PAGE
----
How to implement a work from home policy
Views can vary about whether a work from home policy is effective, but many employers agree that people can be more productive when working away from an office environment.
David Lynes of UniqueIQ explains more about the benefits of home working and how to implement a work from home policy.
Working from home also gives people a better work-life balance and staff often appreciate the flexibility and trust from senior managers. This helps create an effective working culture for both staff and management.
However, it is important to have a work from home policy in place, so that both employer and employee know what is expected of them.
What are the advantages of homeworking?
For business owners and managers alike, there are many advantages to homeworking:
• Cut overheads of business rates, rents and utility bills by reducing office space.
• More employees want or need flexibility in where they work and offering this can help to retain staff and keep them happy
• Reduced commuting costs
• Enables and encourages people with disabilities to work
• Better work-life balance and improved job satisfaction
• Employers reporting increased productivity from homeworkers.
What to look at when you introduce home working
Every worker is different and what works for one, may not work for others, so it’s important to look at how productive each individual is (or is likely to be) when working from home. Some people need a strict routine to produce results.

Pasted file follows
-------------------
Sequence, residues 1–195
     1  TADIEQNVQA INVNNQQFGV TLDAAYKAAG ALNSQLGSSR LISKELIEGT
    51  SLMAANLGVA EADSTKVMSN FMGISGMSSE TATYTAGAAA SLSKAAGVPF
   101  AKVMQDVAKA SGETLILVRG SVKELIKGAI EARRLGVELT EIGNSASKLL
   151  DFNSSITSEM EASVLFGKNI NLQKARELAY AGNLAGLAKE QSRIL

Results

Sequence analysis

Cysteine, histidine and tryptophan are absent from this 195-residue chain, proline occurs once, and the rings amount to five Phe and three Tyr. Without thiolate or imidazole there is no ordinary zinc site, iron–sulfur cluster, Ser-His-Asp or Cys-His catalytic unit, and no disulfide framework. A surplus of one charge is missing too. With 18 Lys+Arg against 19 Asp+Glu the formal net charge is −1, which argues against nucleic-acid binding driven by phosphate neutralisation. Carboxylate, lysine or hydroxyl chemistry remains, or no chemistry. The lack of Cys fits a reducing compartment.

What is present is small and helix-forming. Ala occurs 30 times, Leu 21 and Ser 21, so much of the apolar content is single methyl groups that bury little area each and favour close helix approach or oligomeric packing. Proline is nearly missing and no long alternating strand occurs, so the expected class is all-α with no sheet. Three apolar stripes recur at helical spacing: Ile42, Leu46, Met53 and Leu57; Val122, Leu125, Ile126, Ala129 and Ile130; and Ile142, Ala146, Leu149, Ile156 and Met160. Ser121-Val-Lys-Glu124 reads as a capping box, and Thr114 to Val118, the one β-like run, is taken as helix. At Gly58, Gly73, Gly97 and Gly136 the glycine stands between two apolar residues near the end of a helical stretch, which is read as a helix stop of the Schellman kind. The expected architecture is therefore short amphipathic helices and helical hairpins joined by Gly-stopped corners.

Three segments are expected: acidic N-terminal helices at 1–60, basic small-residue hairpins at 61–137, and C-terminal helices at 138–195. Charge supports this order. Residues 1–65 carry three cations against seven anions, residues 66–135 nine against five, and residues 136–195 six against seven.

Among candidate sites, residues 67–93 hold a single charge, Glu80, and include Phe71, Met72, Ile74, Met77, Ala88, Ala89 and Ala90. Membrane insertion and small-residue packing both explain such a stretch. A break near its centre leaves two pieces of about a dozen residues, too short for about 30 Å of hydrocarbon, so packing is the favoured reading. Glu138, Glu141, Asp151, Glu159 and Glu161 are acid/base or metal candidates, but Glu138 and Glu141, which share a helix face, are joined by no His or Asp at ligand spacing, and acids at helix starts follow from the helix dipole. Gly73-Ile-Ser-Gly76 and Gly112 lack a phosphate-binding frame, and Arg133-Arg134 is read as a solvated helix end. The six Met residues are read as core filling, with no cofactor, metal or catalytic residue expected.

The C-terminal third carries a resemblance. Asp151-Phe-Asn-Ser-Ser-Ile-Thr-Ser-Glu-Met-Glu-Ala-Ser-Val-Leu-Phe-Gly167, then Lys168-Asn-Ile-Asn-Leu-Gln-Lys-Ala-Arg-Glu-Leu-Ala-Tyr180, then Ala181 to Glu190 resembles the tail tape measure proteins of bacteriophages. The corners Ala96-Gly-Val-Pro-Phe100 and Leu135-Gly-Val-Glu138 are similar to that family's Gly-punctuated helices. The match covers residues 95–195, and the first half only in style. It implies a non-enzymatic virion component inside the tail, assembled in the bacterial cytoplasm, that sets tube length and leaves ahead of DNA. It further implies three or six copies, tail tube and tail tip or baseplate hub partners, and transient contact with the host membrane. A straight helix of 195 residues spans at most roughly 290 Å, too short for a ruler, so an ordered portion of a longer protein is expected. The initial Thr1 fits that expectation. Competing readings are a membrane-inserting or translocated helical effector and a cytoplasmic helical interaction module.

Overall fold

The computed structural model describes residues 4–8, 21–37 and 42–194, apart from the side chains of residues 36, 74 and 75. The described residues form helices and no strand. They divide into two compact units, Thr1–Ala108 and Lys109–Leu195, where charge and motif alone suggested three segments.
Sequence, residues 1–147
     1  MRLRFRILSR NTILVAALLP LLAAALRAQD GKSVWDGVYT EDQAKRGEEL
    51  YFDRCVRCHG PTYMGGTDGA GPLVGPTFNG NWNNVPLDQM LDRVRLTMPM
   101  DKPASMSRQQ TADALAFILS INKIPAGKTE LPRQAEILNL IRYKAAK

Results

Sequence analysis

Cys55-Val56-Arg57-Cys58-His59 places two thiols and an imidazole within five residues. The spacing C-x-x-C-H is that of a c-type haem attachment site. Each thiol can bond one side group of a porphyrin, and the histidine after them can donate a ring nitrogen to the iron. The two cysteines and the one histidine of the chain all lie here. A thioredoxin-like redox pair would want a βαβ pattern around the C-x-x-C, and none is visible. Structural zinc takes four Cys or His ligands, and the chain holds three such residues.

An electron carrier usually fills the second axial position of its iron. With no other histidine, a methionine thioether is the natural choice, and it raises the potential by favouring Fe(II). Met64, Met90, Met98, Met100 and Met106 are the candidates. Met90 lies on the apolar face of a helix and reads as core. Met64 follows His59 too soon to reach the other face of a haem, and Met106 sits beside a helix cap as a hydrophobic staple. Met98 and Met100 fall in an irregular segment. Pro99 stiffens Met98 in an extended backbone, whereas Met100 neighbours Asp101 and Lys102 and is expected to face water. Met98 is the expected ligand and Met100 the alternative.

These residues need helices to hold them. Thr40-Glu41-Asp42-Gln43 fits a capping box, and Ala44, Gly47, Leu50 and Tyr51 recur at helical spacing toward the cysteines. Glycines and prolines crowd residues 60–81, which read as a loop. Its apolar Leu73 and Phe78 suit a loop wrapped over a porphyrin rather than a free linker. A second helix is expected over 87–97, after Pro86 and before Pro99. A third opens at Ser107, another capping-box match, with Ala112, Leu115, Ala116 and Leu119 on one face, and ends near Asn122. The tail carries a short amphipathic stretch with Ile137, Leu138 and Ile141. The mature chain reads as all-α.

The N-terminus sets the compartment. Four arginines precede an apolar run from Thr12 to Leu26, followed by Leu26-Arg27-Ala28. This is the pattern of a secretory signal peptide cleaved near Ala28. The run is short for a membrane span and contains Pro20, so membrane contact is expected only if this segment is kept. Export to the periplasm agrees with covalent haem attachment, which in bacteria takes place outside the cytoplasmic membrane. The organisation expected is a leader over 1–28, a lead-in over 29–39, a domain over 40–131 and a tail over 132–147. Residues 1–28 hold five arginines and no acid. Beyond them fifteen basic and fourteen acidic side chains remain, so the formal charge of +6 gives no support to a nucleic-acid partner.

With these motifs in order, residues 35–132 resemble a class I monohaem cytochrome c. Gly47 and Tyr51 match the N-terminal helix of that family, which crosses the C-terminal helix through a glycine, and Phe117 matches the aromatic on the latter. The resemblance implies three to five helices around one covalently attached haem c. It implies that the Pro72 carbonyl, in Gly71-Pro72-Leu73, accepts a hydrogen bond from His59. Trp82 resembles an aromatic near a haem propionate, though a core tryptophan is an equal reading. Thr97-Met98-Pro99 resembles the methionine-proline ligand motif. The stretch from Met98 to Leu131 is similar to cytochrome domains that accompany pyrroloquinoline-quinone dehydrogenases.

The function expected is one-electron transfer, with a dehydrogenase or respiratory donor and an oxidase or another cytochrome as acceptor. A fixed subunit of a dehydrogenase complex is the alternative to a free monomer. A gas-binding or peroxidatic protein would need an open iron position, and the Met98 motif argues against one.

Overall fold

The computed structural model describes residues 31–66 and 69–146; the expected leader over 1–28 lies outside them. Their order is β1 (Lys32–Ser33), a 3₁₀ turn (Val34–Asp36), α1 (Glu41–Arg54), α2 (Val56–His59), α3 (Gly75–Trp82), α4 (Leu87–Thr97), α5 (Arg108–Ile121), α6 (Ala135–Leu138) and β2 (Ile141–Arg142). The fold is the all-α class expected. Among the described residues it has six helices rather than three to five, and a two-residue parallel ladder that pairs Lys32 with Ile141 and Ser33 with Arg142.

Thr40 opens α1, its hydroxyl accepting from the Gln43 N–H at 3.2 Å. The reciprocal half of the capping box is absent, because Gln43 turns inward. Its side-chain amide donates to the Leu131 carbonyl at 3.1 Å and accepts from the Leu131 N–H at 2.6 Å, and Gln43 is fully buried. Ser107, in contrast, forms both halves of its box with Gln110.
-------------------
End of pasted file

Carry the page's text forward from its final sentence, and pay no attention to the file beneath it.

You’ll need to look at equipment requirements. Will you ask your employee to use their own computer, or will you provide a laptop. Are there health and safety implications around home working? You might need to review hazard risks.
Other issues include data protection and security. If information and documentation will need to be taken outside of the company, what are the risks? Who might enter your employee’s home and see this information? How will you get documents back if the employee leaves?
Many organisations use software that tracks employee input, but if this isn’t suitable for your line of work, how will you ensure your employees are working to optimum levels? You should think about how often you will need contact with home workers, even if it’s just by email.
You should also check your employees’ motivations for working from home. For example, they need to be productive and engaged in their work, so working from home is not a suitable alternative to hiring proper childcare.
You would need to make it clear in your working from home policy that you expect employees to treat their working day at home as though they were at the office.
Wording your work from home policy
The more detailed your policy is, the easier it will be to sort out any disagreements regarding an employee’s rights
The policy should also outline the working hours you expect from anyone working from home, which is why it’s so important to be able to monitor performance. If you require regular updates you should state whether the employee would be required to come into the office and how often.
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